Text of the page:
Written surveys without writing

Back in 2013 my colleague Wolfgang Stuppert and I carried out a written survey that did not involve any writing! A useful instrument when you work with people with limited literacy. This is a ‚reprint‘ of the post I wrote on my former blog (developblog – now just an archive of posts from 2008 to mid-2021).

The survey was part of an evaluation of services for survivors of violence against women and girls in Mozambique. We felt it was important to gather basic data and feedback from as many women and girls who used the services as possible. But we had only little travel time in Mozambique and no resources to recruit and train dedicated enumerators who would adminster a survey on our behalf. Therefore, we decided to organise a written survey that the clients would fill in themselves. Some users, we were told, could not read and write well enough to fill in a form. Still, virtually anyone could hold a pen and tick off images. That is why we went for the following process:

We wrote up a set of short, simple questions, to be read out by the receptionist or other staff of the service centre to the client, just before the client would leave the centre. The questions were preceded by a straightforward explanation as to how the client would use the answer sheet (pictured below).

Of course we briefed the centre staff as to how to read out the instructions and questions, without paraphrasing or using their own examples, so as to reduce the potential for bias induced by those reading out the questions.

And this is how the clients recorded their answers on the exit poll: Each client received the answer sheet/card with rows of symbols, each row representing the possible answers to one of the questions. Each time the centre staff read out a question, the client would tick off the relevant symbol on the card. Sitting at a distance from the staff, she could hide her response.

At the end, the client would fold up the response card, staple it and insert it into a sealed box.

That process was organised during a couple of months preceding our ‚own‘ field work time in Mozambique. Upon arrival, the boxes were collected; we broke the seals and coded the responses. We did not come across anything that would have suggested ballot-rigging or other tampering by centre staff. And we were very impressed by the large numbers of answers, which generated quite interesting statistics – including some data that helpfully challenged our assumptions about the service users and their experience.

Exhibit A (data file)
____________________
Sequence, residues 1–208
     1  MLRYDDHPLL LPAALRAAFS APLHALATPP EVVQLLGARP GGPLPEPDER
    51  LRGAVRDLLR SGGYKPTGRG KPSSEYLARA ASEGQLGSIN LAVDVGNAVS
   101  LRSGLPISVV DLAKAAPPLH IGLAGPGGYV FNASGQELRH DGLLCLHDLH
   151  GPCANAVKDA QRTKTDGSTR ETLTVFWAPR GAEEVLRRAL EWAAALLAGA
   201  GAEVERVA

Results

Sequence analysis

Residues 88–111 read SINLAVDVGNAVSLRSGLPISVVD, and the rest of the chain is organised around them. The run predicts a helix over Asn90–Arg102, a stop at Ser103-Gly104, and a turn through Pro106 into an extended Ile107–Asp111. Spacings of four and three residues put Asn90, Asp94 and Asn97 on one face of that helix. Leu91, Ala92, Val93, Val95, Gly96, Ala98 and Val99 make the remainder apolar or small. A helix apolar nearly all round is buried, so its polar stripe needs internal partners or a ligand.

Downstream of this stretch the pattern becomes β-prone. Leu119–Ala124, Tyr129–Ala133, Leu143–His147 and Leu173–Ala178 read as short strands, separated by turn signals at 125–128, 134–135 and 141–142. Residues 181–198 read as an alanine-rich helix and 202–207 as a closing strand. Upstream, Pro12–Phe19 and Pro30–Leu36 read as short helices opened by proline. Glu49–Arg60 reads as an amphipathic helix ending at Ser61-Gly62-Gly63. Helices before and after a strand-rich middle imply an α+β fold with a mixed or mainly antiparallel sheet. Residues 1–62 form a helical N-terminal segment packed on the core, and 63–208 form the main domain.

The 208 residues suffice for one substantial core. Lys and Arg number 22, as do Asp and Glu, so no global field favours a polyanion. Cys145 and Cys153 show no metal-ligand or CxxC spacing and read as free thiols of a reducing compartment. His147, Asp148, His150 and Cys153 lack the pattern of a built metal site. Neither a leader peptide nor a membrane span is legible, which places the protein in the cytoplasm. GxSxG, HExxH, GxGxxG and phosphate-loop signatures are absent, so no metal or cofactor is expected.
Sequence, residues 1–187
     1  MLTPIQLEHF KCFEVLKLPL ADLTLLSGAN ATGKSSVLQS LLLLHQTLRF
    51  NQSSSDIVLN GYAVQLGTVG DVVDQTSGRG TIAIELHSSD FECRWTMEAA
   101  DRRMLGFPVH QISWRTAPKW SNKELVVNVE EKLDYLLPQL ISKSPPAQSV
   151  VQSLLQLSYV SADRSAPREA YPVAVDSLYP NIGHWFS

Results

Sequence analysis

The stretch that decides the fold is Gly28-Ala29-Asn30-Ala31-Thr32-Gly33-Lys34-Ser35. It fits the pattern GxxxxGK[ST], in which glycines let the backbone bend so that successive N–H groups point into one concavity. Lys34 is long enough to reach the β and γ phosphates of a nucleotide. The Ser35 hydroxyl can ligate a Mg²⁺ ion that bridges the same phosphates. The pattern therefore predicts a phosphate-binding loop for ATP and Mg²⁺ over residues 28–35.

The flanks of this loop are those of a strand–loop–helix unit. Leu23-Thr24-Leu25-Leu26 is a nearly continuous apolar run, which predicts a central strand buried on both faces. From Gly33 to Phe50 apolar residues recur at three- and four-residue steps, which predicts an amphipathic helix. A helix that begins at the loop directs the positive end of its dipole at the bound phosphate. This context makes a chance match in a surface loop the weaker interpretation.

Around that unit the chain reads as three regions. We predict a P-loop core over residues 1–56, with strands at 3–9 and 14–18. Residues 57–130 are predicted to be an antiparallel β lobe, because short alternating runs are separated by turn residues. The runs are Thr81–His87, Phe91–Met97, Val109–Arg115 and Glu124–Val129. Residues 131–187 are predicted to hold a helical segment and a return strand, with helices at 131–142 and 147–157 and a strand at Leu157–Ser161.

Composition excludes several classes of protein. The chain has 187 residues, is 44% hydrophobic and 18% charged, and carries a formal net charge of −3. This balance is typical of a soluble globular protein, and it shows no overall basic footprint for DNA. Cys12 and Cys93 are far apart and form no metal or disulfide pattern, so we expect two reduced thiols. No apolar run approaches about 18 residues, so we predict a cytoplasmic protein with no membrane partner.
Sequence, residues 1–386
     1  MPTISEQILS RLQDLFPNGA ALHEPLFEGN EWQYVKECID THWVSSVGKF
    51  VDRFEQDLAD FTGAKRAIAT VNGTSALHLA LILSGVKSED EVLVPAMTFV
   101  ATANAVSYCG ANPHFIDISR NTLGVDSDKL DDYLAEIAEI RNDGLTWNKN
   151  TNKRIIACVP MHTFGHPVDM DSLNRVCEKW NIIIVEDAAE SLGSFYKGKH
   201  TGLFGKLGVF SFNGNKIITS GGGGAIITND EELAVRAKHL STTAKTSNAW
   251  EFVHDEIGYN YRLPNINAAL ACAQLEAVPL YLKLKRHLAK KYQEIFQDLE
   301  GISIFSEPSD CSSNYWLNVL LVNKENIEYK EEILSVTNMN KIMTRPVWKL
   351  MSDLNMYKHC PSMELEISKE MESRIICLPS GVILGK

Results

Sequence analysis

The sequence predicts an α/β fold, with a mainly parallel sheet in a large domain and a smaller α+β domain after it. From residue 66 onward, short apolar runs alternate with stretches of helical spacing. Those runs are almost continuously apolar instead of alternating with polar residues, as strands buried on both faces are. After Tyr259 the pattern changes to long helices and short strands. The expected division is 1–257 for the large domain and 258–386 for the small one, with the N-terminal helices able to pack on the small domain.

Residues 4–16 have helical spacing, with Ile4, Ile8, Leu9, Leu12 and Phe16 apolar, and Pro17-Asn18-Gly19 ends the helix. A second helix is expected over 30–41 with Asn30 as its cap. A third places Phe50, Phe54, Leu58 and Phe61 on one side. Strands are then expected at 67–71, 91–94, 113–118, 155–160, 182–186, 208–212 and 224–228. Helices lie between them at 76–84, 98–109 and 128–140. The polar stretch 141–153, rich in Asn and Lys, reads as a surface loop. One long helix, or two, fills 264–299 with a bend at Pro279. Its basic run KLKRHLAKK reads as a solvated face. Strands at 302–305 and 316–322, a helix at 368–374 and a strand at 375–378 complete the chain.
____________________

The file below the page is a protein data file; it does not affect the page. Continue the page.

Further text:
Unclutter your video appearance!

Videoconferences can be too revealing. Not just for people who forget to switch off their camera/microphone during breaks, only to blow their nose trumpet-style or even poke it (believe it or not, I still witness such moments)! Interior decoration or disorder can also be an issue.

I do not like to blur my background (most videoconference programs have an option to do that) because I tend to move and gesture a great deal, especially when facilitating. A blurred background can make limbs disappear when I move, or any objects that I hold. But I still want to have an uncluttered image on video, which is hard to achieve when there are shelves in the office or the desk is a bit messy.

My office holds some artworks that I do not want to have at home – and that I am not too eager to share with everyone I talk to on-screen. The picture to the left shows what the office looks like when I walk into it on a sunny winter day.

Now, the middle picture displays my most uncluttered background for videoconferences, and the right hand one an intermediate option which includes my cheerful yellow door. The latter is a selfie and my arms are quite short; in real videoconferences I tend to be more remote from the screen so that there is more empty space around me – I feel that introduces a nice sense of calm. It also provides a good background for my wild gestures!

This simple trick is to place the videocamera right on top of the (external) computer screen and rotate the screen to the only empty spot on my office walls. As you see on the picture to the left, the position of my desk is already slightly oblique, so that I can look out of the window without getting blinded by the (occasional) sunshine. If you have an external video camera (as opposed to a camera built into your screen), you can experiment with its place on the screen, shifting it more to the left or more to the right. Notebook/laptop users can use (or build, for instance with a cardboard box) a camera stand/tripod, to place the webcam at a comfortable height (eye level or above, unless you want people to peek into your nostrils) and turn it to the place where you have the best background.